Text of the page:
China shares plunge 8% on margin trade curbs

China shares plunge 8% on margin trade curbs
An investor holds his head as he monitors stock prices at a brokerage house in Fuyang in central China's Anhui province Monday, Jan. 19, 2015.

Chinese shares plunged about 8% Monday after the country’s securities regulator imposed margin trading curbs on several major brokerages, a sign that authorities are trying to rein in the market’s big gains. It was China’s largest drop in six years.

Other markets in Asia and Europe were mostly higher. Markets in the U.S. Were closed for Martin Luther King Jr. Day.

The Shanghai Composite Index dived 7.7% to close at 3116.35, giving investors a wild ride after a year of surging prices despite slowing economic growth; at its nadir, the index was down 8.3%.

For the past three months, the index is still up 32%. Its dive rubbed off on Hong Kong where the Hang Seng was off 1.5% at 23,738.49.

In Europe, Germany’s DAX was up 1.1% and Britain’s FTSE 100 gained 0.6%. France’s CAC-40 rose 0.9%.

Japan’s Nikkei 225 rose 0.9% to 17,014.29 after a government report showed rising consumer confidence. South Korea’s Kospi gained 0.8% to 1902.62. Australia’s S&P/ASX 200 rose 0.2% to 5309.10. Shares were also higher in Taiwan, New Zealand and Southeast Asia.

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The China Securities Regulatory Commission imposed curbs late Friday on margin financing, or borrowing to purchase stocks, following an investigation of the industry. The three affected brokerages, Citic Securities, Haitong Securities and Guotai Junan, were forbidden to lend money and shares to new customers for three months after they allegedly were caught extending margin trading contracts in violation of the rules. The Shanghai Composite has surged almost 60% in the past year. Investors fear regulators believe prices have risen too much recently and might impose more curbs.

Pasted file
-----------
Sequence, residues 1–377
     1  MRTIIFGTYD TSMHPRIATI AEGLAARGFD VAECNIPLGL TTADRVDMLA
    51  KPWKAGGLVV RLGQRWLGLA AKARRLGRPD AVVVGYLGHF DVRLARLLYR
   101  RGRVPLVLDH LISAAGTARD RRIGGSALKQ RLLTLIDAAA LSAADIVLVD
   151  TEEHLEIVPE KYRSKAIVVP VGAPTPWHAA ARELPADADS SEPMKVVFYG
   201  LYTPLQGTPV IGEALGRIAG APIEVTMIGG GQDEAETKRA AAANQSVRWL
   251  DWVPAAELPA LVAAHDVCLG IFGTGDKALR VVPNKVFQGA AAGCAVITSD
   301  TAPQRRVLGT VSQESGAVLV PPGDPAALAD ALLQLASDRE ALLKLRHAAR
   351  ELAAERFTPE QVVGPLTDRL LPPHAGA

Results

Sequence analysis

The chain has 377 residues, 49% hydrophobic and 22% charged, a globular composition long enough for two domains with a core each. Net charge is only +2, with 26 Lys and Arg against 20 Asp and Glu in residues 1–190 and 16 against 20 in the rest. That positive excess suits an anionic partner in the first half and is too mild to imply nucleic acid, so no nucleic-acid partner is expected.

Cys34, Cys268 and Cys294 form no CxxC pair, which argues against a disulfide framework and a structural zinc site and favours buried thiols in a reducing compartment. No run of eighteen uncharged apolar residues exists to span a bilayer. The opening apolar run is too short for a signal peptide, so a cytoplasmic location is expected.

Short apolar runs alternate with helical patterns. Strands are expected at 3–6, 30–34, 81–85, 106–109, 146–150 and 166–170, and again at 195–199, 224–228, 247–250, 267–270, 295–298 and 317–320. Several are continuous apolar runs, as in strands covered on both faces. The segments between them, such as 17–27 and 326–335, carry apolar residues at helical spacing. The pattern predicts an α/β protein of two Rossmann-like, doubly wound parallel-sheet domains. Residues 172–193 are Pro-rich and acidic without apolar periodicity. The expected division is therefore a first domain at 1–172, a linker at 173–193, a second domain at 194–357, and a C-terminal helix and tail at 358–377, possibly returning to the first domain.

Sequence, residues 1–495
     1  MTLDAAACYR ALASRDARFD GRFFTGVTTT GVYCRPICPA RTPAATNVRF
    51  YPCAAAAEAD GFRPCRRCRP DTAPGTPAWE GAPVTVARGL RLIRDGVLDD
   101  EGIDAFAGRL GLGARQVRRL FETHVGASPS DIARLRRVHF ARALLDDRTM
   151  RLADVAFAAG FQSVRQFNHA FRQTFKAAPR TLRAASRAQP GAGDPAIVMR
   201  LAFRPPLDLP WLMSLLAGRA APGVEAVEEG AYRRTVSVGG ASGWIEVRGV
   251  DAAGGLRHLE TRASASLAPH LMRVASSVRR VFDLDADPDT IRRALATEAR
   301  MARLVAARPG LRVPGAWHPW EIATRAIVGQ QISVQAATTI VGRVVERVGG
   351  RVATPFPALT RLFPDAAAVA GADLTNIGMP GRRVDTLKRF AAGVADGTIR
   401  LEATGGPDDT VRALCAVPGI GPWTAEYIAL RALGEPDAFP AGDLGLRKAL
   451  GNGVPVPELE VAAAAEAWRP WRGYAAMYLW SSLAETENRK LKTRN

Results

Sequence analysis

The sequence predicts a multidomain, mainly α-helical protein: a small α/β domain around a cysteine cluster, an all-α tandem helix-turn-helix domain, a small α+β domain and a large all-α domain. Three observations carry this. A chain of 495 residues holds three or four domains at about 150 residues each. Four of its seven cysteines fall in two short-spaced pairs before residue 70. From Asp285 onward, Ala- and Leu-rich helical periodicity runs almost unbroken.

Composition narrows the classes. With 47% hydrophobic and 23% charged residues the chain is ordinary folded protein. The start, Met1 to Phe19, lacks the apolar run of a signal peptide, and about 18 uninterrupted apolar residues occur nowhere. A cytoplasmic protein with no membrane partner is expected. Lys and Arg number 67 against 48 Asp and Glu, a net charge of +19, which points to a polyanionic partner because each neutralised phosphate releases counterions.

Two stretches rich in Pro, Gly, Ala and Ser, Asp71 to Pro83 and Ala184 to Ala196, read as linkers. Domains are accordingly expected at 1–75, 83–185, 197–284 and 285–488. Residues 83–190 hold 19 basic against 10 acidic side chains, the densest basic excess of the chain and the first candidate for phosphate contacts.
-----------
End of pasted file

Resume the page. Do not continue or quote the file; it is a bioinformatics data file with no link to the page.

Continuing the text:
Dickie Wong, executive director of research at Kingston Securities in Hong Kong, said regulators want to tamp down some of the riskier financing practices underpinning the mainland Chinese stock market’s astonishing surge. With the rally “overdone,” regulators want to “simply give pause” to the brokerages, he said. “The recent bull market is mainly driven by margin financing.” Mainland Chinese regulators allowed margin financing and short selling only in recent years and Wong said many mainland investors may still be unaware of the risks involved.

Investors are awaiting China’s economic growth data due Tuesday, which is likely to show a further slowdown in the fourth quarter, and are also anticipating possible stimulus moves by the European Central Bank.

Markets generally settled down after volatility provoked by the Swiss central bank’s shock decision Thursday to untether the Swiss franc from the euro. Japan’s central bank is not expected to make any major moves in a policy meeting that wraps up Wednesday.

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